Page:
Jessica Oralkan: [W]e’ve found that there are two different types of collectors: one that buys purely for investment, and the other who truly understands the value of art within society. Some of the collectors that join our community, like Frédéric de Goldschmidt, see it as their duty to be custodians of these works for future generations. Along with the responsibility of safeguarding these works comes the responsibility of disseminating their message and ensuring that they are seen by as many people as possible.

Evrim Oralkan: Some of the world’s top collections have been in touch with us directly. There is significant demand from collectors in China and Europe. Collecteurs has already started incubating some of the major private museums of the future. We are also happy to announce that Eugenio Re Rebaudengo of Fondazione Sandretto Re Rebaudengo and Artuner, and Damian Bradfield, President of WeTransfer, have recently joined our advisory board.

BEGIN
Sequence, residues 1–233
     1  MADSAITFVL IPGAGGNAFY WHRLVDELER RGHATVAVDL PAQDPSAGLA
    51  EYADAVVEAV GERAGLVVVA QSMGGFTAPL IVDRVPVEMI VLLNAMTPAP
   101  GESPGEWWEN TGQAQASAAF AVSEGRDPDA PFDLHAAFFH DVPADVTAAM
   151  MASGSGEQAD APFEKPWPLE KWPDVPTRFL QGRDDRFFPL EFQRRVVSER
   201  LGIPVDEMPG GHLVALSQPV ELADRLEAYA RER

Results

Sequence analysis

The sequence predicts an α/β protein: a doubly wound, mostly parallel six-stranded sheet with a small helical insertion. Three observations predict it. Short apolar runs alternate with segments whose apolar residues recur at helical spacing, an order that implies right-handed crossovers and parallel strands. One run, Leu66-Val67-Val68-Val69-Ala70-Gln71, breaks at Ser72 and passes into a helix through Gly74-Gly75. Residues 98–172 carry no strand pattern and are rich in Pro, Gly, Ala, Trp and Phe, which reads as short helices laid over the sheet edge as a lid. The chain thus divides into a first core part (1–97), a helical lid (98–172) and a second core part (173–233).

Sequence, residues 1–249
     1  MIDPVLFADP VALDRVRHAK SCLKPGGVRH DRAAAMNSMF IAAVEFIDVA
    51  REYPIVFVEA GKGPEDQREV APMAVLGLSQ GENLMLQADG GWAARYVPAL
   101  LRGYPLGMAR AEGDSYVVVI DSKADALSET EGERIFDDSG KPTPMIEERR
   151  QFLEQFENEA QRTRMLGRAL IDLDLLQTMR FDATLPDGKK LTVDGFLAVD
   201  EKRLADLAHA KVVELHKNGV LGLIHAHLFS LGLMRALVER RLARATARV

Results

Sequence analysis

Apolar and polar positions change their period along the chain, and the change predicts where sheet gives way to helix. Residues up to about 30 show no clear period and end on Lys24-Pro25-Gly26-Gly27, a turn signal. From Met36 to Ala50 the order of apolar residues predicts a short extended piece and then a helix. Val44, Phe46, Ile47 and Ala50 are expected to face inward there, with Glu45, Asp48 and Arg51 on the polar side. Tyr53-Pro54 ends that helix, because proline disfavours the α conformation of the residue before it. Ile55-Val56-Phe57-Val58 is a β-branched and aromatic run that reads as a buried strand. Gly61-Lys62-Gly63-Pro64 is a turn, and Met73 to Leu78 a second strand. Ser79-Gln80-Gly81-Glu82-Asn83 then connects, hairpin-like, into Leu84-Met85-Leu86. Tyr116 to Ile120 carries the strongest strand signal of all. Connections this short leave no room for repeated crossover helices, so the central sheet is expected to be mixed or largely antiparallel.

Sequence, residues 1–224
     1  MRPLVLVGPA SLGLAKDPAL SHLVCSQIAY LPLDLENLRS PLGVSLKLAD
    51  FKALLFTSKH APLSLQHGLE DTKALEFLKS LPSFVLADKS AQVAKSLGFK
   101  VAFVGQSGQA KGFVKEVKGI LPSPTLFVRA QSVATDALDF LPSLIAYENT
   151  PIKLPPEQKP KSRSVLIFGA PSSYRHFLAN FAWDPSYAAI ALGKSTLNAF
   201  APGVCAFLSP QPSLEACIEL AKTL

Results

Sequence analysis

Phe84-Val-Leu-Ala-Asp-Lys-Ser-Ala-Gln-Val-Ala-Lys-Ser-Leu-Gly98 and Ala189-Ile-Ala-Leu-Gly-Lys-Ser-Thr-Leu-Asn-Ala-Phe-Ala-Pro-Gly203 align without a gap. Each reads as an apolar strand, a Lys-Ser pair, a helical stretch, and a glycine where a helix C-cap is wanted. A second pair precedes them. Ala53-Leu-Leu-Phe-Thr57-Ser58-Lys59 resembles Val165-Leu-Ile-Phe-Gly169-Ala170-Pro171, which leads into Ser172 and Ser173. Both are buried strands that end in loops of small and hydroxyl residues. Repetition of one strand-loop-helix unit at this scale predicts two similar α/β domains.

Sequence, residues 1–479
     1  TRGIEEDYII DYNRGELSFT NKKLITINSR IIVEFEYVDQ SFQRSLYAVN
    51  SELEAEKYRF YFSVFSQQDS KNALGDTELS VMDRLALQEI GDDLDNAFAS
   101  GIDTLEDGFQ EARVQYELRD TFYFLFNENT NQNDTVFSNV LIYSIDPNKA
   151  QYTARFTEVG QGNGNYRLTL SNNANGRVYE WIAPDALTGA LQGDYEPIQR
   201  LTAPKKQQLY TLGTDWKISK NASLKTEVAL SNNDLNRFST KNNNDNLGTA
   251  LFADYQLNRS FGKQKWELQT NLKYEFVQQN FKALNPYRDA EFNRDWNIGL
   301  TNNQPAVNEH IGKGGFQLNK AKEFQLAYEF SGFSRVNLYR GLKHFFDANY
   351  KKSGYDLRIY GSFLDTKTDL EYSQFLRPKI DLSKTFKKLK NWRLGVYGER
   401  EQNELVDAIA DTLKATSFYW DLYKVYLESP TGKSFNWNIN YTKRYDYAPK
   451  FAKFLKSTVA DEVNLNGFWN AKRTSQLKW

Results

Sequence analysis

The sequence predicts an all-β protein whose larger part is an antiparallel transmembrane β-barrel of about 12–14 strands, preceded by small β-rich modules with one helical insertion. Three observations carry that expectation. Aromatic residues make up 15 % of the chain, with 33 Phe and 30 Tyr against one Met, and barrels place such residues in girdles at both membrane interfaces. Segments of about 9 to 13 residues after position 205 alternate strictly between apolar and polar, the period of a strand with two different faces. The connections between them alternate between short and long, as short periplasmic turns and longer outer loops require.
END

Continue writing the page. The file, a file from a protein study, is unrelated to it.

2. Security must be an issue, namely in the case of objects that reside in free ports and storage facilities.

EO: Understandably, security is the first issue that comes to mind. As collectors [ourselves], we knew this would be the case and we prepared for it. With our Integrated Privacy feature, collectors are given the option of keeping artworks private, sharing it with our vetted community, or sharing it with the general public. Members also have the ability to share artworks anonymously. In addition, our Off-the-Record feature provides military-grade encryption for collectors. With this groundbreaking technology, even we can’t access sensitive data, which stores information such as price, location, and sales data. This feature is a big hit with our community as it makes our members feel more at ease.